If you have a car, beware of steep one way streets and difficult expensive parking.
Where to Stay
If your budget allows, stay downtown. Seattle’s urban core is mainly safe and full of energy. (Pioneer Square is a bit less safe to walk around at night, so try to stay north of there.) However, hotels downtown can be very expensive, especially during summer. If budget is an issue, consider instead staying by the airport. For less than half the price, you can just add $3 and forty minutes each way to reach downtown via the light rail. That was my choice on my most recent trip.
What to Do
There is a lot to do and see in Seattle. There are also some things to avoid, especially if you don’t like crowds.
Let’s start with Pike Place Market. If you like farmers markets, or crafts, visit. Just be prepared for it to be packed. Restaurants in the market can be jammed, but there are plenty of options just outside. Emmett Watson’s Oyster Bar, a couple short blocks away, offers the same great food as inside the market itself, but for cheaper and with fewer people crowding you. (I recommend the fried clams.)
One separate note on Pike Place Market. Unless you are a huge devotee, don’t go to Starbucks #1. You’ll wait in line for a half hour or more for the exact same Starbucks you’ll get at any other store.
Pike Place Market sits on top of the bluff, so an elevator or stairs down from it takes you to Seattle’s waterfront, along Alaskan Way. (Click here to read more about the Seattle waterfront.) While much of it is touristy, like the Seattle Great Wheel, there are some cool things to see. Consider a harbor cruise – I did mine on Argosy, but there are several companies – or a visit to the Seattle Aquarium. Both are pricy, but you can offset some cost with the purchase of a Seattle CityPass. When combined with the Seattle Center sights, you’ll get around $200 of admissions for $125. If you don’t intend to fully utilize it, skip the pass.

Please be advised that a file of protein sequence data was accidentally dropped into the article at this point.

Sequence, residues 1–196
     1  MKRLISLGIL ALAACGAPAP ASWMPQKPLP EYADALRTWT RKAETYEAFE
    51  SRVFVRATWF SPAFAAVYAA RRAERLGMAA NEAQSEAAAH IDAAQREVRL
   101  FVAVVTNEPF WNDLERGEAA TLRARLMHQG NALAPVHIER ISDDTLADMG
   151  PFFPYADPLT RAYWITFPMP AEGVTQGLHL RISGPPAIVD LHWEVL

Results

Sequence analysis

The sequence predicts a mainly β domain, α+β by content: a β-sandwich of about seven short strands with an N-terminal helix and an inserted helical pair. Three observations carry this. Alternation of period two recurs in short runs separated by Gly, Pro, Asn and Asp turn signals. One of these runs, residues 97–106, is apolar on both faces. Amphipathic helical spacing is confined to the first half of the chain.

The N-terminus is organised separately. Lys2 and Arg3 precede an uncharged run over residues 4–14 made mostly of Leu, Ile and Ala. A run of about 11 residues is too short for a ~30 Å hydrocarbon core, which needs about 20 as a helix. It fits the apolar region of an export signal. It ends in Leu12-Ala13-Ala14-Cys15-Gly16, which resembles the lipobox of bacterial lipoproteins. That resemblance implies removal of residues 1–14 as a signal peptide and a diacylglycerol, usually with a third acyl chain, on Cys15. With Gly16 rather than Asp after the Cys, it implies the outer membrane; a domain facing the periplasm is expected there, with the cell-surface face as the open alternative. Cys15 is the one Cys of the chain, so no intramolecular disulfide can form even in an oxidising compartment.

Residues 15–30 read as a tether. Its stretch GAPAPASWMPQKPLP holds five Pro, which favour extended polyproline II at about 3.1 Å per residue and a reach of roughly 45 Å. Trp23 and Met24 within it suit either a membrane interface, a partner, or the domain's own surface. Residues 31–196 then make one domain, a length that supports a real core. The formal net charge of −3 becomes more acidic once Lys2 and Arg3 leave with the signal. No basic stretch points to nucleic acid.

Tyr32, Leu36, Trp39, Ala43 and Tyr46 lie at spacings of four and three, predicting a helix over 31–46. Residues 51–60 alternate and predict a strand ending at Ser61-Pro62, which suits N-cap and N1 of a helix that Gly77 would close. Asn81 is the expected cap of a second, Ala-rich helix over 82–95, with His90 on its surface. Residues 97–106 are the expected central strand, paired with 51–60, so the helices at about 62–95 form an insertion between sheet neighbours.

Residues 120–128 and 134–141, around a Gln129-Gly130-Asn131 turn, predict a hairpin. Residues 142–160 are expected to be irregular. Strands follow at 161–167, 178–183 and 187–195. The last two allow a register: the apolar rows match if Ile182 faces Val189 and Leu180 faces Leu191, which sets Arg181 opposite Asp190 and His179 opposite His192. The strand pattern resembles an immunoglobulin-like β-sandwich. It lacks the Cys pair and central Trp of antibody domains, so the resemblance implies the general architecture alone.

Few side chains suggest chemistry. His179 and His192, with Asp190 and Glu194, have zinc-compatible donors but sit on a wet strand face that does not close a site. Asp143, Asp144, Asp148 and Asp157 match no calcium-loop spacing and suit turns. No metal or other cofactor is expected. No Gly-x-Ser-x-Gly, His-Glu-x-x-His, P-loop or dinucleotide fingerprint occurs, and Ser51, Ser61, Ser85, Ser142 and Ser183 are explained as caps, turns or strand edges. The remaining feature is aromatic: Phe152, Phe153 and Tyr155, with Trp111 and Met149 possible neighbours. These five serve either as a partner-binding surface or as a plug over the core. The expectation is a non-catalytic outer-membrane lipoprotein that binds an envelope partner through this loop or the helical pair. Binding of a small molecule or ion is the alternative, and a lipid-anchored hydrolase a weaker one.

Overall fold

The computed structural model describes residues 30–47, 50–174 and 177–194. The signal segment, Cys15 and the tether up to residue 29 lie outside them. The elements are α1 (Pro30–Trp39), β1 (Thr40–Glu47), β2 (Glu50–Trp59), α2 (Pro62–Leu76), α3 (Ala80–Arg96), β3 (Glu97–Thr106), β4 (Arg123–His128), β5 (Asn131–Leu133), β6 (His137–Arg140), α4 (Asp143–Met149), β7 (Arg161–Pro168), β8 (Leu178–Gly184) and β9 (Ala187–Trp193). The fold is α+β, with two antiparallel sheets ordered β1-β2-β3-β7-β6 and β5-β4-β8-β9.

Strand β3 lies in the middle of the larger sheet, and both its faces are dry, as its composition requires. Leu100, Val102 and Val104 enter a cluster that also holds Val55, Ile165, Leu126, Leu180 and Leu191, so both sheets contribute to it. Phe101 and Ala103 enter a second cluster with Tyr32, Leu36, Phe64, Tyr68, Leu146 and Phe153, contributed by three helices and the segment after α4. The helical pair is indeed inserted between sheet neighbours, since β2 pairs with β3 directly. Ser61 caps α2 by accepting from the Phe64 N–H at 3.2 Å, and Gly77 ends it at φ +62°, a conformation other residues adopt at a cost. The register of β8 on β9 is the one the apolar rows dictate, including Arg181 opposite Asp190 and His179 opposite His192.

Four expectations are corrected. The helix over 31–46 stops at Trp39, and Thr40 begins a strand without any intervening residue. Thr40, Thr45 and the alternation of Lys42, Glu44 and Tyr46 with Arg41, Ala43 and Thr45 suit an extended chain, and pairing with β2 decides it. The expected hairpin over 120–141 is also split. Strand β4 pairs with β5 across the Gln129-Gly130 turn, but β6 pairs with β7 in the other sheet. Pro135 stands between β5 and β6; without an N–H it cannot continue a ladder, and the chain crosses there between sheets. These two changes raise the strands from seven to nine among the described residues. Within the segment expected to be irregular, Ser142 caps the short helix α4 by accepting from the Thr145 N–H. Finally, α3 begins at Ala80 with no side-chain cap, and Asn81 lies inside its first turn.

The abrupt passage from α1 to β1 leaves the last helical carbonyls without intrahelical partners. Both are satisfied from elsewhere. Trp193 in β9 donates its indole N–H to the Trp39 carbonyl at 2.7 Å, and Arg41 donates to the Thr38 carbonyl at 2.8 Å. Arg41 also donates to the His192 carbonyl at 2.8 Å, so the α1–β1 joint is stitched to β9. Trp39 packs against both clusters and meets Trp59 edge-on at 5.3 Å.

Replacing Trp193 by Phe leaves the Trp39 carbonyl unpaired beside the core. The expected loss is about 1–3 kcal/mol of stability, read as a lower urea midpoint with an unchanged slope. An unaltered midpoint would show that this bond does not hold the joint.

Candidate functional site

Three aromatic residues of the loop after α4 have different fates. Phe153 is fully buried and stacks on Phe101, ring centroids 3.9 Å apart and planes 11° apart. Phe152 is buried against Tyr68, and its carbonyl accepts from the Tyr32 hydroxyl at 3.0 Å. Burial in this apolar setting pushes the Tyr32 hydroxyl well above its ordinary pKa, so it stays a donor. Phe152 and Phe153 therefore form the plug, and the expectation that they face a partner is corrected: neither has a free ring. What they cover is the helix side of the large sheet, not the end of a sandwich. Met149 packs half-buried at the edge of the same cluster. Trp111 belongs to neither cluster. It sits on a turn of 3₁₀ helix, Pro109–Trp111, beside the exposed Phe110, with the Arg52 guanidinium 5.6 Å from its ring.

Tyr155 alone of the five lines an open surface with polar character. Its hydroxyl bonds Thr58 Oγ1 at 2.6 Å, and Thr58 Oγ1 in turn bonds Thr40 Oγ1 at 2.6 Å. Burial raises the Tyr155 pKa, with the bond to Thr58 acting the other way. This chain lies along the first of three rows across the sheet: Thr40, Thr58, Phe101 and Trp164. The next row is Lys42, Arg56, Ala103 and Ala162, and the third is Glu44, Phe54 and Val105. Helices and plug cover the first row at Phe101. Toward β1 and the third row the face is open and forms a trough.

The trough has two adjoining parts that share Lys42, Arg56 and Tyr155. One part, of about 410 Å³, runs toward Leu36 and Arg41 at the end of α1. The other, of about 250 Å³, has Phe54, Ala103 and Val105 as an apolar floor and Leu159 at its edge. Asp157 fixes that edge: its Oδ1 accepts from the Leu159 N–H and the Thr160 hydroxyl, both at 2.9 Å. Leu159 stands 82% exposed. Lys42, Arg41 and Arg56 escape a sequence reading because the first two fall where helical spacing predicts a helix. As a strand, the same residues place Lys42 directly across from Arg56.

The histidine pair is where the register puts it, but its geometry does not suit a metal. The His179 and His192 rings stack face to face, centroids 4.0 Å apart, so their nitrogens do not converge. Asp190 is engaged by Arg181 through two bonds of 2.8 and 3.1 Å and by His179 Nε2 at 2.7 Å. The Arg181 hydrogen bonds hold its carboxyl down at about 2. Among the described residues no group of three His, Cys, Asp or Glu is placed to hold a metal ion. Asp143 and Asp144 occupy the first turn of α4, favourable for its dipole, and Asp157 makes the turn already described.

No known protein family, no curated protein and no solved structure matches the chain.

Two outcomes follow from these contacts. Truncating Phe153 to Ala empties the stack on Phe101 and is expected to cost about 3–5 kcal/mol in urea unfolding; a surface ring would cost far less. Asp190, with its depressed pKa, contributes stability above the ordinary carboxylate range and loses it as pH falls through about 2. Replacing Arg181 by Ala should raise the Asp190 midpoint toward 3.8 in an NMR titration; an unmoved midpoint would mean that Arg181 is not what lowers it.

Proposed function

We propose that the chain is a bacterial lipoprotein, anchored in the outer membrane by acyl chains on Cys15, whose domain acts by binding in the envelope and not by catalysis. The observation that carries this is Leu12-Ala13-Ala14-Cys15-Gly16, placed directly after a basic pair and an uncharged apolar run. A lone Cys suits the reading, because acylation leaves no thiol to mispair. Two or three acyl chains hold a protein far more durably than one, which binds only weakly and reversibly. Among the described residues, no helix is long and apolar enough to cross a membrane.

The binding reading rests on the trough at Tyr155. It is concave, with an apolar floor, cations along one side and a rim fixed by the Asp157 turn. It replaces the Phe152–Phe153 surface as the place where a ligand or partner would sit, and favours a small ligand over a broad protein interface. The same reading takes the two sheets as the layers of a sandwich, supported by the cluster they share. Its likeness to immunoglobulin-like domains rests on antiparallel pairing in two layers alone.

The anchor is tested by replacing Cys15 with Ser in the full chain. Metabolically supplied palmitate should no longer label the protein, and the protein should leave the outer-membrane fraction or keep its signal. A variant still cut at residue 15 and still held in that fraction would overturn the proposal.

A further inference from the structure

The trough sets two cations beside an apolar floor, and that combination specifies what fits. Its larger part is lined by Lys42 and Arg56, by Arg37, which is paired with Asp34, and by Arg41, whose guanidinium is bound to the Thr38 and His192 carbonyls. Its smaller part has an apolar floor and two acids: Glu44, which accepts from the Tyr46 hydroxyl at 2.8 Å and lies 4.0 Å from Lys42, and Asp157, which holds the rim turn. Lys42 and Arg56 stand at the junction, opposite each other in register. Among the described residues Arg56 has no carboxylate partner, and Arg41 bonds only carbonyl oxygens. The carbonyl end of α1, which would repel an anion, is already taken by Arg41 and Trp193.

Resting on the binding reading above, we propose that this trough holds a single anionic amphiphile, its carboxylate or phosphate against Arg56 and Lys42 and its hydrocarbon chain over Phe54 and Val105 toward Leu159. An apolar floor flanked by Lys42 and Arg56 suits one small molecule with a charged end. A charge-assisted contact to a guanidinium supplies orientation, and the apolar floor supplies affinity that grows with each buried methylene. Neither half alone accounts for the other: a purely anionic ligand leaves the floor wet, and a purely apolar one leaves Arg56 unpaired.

Let’s talk about Seattle Center for a moment. The most famous site here is the Space Needle, one of the most recognizable buildings in the world. Unless you have a CityPass, skip it. If you have a CityPass and therefore free timed admission, you still might want to skip it unless you can get there first thing in the morning. It is incredibly crowded, and there is no signage at the top to tell you what you’re looking at, although the view is lovely. (Click here to read more about the Space Needle and Seattle Center.)
Even if you don’t go up the Space Needle, you will need to visit Seattle Center, as some of the best sights in the city are here, including my favorite: Chihuly Garden and Glass. This is one of the largest collections of Dale Chihuly’s blown glass, and is easily worth the admission. (It is also included in the CityPass, along with the Museum of Pop Culture, a really cool museum right next door if you are into movies and music.) In addition, Seattle Center has a supposedly great science museum, the Pacific Science Center, and some lovely sculpted grounds.
If you like history, take a visit to Pioneer Square, the original city of Seattle, and sign up for a tour of the Seattle Underground. This underground city is only accessible via tour, and is a fascinating look into the history of the city. (Click here to read more about the underground and Pioneer Square.)